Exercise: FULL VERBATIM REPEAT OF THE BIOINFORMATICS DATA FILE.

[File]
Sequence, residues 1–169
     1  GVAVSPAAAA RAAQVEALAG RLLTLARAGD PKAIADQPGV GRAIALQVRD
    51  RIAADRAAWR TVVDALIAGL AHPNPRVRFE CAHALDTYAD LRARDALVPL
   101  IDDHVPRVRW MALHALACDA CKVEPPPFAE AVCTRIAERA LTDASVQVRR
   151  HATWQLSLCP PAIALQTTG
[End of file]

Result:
Sequence, residues 1–169
     1  GVAVSPAAAA RAAQVEALAG RLLTLARAGD PKAIADQPGV GRAIALQVRD
    51  RIAADRAAWR TVVDALIAGL AHPNPRVRFE CAHALDTYAD LRARDALVPL
   101  IDDHVPRVRW MALHALACDA CKVEPPPFAE AVCTRIAERA LTDASVQVRR
   151  HATWQLSLCP PAIALQTTG